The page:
No matter where you live, a natural or man-made disaster is just waiting to strike. Whether it’s a severe storm, a power outage, or a raging flood, there are all kinds of ways that you can be put into danger. However, if you want to increase your chances of survival, you have to change the way you think and be quick on your feet. Most notably, you want to know what to avoid in a disaster if you hope to make it through unscathed. To put this into perspective, let’s break down the common mistakes that people make.
Don’t Freeze or Panic
We’ve all heard of the fight or flight response, but the fact is that most of us tend to stay in place when something happens. The adrenaline overpowers our brains and tells us to freeze, even if it’s not really in our best interest. Instead, take a deep breath, try to calm down, and figure out your next move.
Whether it’s evacuating a building or heading to higher ground, focus your attention on doing that one specific task, as it will help prevent you from getting overwhelmed.
Don’t Be Afraid to Cut Your Losses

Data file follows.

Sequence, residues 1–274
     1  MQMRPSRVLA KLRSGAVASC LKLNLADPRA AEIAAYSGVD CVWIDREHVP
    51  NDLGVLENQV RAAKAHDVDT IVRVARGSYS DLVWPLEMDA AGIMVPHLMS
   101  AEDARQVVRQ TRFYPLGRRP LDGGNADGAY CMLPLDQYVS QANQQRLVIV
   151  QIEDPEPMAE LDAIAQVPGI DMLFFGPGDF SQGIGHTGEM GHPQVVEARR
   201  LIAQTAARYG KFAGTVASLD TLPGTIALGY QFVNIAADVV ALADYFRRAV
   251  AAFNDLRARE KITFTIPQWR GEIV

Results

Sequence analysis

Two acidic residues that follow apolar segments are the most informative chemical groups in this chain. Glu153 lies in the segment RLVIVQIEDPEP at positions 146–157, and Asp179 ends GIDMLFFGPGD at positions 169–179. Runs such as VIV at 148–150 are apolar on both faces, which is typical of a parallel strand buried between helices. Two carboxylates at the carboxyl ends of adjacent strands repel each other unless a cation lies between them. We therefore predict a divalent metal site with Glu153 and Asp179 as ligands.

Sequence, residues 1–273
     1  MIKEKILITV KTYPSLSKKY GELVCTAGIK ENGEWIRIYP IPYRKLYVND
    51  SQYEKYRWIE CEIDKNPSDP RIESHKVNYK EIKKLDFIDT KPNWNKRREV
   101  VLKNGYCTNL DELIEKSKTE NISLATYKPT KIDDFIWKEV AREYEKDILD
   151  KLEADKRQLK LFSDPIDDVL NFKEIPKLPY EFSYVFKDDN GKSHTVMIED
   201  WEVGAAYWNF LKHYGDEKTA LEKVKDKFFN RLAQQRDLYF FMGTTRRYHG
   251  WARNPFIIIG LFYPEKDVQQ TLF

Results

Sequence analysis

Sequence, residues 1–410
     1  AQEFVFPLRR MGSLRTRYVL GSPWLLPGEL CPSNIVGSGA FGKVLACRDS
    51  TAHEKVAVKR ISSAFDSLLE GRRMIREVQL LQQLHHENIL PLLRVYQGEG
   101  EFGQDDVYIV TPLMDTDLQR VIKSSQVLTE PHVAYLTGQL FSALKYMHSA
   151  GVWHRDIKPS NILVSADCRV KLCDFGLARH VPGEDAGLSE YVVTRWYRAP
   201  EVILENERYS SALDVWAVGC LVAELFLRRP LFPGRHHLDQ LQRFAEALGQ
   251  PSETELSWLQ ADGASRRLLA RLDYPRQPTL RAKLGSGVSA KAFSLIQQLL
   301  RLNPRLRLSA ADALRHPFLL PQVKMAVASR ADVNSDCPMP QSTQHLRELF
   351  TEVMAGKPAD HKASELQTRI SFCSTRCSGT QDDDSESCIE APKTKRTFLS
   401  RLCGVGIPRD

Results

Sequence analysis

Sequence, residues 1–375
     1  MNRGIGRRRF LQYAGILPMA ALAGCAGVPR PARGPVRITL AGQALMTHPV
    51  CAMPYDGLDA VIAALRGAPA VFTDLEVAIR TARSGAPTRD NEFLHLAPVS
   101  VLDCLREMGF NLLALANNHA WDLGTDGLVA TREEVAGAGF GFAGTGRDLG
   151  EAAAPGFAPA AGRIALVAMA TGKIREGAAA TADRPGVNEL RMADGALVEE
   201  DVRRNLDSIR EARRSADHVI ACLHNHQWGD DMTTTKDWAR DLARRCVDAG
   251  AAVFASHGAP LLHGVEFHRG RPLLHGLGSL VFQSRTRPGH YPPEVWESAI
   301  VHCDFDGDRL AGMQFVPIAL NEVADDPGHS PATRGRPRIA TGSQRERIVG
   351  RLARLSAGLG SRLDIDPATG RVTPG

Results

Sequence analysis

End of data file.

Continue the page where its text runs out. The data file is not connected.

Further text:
You’d be surprised what people will try and save during a disaster, even if it means putting their life on the line. You are the most valuable thing that you have, so make sure that you are a top priority. Don’t go back for personal belongings as that could put you in unnecessary danger. Most things can be replaced, but not your life.
Don’t Ignore Safety Warnings
In most disasters, the government will issue notices as to what you should do next. However, many people will instead go to the grocery store or gas station, or simply clog the roads trying to go somewhere else. This can make the situation far worse than if everyone followed the advice and did what they were supposed to do.
Don’t Forget to Make a Plan
Trying to figure things out on the fly is what causes the most problems in the first place, so it’s much better to have a plan in place before the disaster so that you know exactly what to do and where to go. Again, break it down into simple, achievable goals so that you don’t get overwhelmed or panic.
Don’t Forget to Let People Know Where You Are
In many cases, the reason that people aren’t rescued in time is that they don’t let people know their location, which means that rescuers can’t find them. If you need immediate assistance, calling your family members in another state won’t help, but calling 911 will, along with giving them a description of your exact location.
In the end, when it comes to staying safe in a disaster, try to ignore your instincts and think about things more critically. Remember that your safety is most important, and focus your attention and energy on preserving your life, not your stuff.